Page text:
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"We Are Creating An Alternative!":
A Connecticut Yankee Volunteers with
Common Ground Collective in New Orleans

A Report From the Gulf Coast, By Chris Heneghan

Badly damaged by floodwater, the Greater Mount Carmel Baptist Church on the corner of Pauline and Claiborne was home to the Common Ground community center. The collective had worked out an agreement with members of the congregation. They'd use the space for the time being in exchange for providing necessary renovations.. Gutted down to the studs and abated of black mold by volunteers, the church now served as a hub for grassroots relief. It was a place where Common Ground volunteers ate, slept, and congregated before and after their workdays.

The community center was like an oasis amidst the storm-battered streets of the upper 9th ward. The aroma of spices sautéing in the balmy evening air invited me into the church courtyard. It was my first look at the logistics that made Common Ground's operation possible. Under three EZ-UP tents and a tarp was an outdoor kitchen, where four propane burners and a volunteer cooking crew worked from 5 am to 8 pm to provide up to three hundred people with three meals a day. Dinner was rice and beans, a carrot-looking concoction, a slice of wheat bread and the best bowl of lentil soup to ever hit my palate. Those spices I'd smelled earlier had been put to good use. From the back of the bread line I'd counted 115 people ahead of me waiting for warm food. I passed the time in line talking with the people around me, finding out where they were from and why they came. "Speak of diversity," I thought to myself. There were anarchists, mingling with soccer moms, who were shooting the breeze with transgendered individuals, mixed in with Baptists preachers, along with college kids earning out-of-class credits, dropouts searching for somewhere to drop in, doctors, lawyers, and even a couple of young Republicans.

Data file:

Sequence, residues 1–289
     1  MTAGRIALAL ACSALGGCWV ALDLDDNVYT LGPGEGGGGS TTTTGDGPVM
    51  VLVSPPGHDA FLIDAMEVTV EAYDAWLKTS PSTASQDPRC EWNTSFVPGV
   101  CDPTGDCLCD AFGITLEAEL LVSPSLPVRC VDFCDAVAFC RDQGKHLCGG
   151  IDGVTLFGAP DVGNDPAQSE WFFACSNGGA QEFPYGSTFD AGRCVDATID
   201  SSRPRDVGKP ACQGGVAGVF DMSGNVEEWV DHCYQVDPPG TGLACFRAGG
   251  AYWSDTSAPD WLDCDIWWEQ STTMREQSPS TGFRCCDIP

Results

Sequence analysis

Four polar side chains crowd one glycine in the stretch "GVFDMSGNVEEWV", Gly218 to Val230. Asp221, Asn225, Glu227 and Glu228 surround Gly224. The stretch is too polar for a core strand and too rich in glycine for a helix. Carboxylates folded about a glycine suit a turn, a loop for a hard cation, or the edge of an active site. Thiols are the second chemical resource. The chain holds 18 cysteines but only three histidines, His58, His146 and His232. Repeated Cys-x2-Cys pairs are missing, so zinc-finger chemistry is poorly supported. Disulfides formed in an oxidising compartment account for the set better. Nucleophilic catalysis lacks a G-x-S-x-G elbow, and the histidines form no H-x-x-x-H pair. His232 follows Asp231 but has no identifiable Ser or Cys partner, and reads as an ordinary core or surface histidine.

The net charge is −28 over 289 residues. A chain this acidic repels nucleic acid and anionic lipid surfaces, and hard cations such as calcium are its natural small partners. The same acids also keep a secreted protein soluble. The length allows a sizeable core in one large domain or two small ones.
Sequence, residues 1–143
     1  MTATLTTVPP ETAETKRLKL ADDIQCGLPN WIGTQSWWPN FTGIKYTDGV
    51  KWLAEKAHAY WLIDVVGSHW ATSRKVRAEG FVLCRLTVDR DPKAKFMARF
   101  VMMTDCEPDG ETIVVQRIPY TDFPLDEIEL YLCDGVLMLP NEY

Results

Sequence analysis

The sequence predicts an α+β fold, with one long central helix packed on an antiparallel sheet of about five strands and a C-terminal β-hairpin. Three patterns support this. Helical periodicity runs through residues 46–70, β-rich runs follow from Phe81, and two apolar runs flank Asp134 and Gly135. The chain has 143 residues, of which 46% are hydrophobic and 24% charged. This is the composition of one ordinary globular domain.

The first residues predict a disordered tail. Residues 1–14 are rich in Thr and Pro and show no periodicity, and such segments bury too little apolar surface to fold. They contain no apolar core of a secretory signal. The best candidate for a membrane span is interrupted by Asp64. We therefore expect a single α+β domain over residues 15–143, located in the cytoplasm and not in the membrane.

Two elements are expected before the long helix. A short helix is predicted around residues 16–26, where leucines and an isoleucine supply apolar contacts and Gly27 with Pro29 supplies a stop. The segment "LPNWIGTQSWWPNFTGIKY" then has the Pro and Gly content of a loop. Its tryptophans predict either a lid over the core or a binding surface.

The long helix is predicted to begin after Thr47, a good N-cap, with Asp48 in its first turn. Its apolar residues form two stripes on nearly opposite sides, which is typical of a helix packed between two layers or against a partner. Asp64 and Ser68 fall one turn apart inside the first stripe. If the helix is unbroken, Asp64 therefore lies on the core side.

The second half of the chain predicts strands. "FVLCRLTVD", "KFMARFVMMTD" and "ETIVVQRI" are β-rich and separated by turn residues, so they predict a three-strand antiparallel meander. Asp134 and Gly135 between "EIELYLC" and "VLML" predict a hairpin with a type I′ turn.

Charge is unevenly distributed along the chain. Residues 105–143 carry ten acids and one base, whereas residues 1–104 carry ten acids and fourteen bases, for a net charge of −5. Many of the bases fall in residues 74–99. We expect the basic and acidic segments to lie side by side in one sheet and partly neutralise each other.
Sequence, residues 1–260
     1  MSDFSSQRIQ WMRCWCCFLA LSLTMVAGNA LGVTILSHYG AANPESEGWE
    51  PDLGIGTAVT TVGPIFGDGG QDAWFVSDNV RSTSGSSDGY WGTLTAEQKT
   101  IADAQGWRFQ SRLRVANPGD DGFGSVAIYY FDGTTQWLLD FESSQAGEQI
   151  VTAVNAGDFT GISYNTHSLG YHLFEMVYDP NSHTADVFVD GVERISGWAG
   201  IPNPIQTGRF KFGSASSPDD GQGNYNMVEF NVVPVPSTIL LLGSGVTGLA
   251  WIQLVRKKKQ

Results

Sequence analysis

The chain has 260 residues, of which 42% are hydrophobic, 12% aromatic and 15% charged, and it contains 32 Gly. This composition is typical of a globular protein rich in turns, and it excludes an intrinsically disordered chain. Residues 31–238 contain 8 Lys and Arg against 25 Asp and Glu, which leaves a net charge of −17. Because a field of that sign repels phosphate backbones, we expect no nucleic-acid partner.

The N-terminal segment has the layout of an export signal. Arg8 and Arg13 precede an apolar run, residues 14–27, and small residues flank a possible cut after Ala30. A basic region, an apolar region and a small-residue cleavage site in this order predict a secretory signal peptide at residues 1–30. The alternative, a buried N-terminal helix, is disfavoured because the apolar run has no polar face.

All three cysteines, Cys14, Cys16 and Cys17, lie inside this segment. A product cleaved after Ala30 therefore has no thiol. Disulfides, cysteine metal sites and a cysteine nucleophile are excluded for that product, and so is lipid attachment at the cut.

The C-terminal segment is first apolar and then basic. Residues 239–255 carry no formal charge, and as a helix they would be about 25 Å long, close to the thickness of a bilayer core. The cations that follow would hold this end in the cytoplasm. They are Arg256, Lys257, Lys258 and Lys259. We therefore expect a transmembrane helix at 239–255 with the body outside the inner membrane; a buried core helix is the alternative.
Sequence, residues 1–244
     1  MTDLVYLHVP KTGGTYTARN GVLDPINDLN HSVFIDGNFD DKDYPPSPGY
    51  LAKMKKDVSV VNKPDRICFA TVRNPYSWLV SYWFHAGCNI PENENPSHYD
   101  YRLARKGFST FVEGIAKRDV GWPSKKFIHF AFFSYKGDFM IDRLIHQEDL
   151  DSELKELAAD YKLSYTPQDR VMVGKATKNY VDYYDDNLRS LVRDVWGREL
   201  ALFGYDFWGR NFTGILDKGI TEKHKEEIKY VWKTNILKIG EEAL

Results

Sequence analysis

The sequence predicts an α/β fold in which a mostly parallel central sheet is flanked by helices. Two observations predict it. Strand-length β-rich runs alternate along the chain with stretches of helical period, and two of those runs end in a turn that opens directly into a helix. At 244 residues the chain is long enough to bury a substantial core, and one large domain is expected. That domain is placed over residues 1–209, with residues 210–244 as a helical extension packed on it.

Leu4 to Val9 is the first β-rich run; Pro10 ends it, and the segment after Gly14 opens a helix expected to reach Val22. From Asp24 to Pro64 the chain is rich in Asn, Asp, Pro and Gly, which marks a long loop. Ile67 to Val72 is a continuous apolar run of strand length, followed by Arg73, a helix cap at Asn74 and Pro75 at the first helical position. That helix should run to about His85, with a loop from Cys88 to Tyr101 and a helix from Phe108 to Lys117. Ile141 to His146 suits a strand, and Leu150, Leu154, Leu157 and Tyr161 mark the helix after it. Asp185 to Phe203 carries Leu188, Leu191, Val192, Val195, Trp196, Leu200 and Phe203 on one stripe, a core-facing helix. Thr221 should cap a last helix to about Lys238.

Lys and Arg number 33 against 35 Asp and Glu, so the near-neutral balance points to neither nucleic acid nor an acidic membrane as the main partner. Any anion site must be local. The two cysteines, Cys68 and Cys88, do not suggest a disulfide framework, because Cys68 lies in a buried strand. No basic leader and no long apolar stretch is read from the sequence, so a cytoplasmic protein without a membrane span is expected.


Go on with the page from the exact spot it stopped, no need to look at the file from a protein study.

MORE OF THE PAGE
I'd been drawn to Common Ground by the slogan "Solidarity not Charity," and by the idea of providing mutual aid and support to returning residents in this region. It was fascinating to think the same allure brought all these people here to stand together with the people of New Orleans for justice and equality in the city. After dinner I rolled out my sleeping bag on the floor of the sanctuary and lost myself in a book till sleep came calling....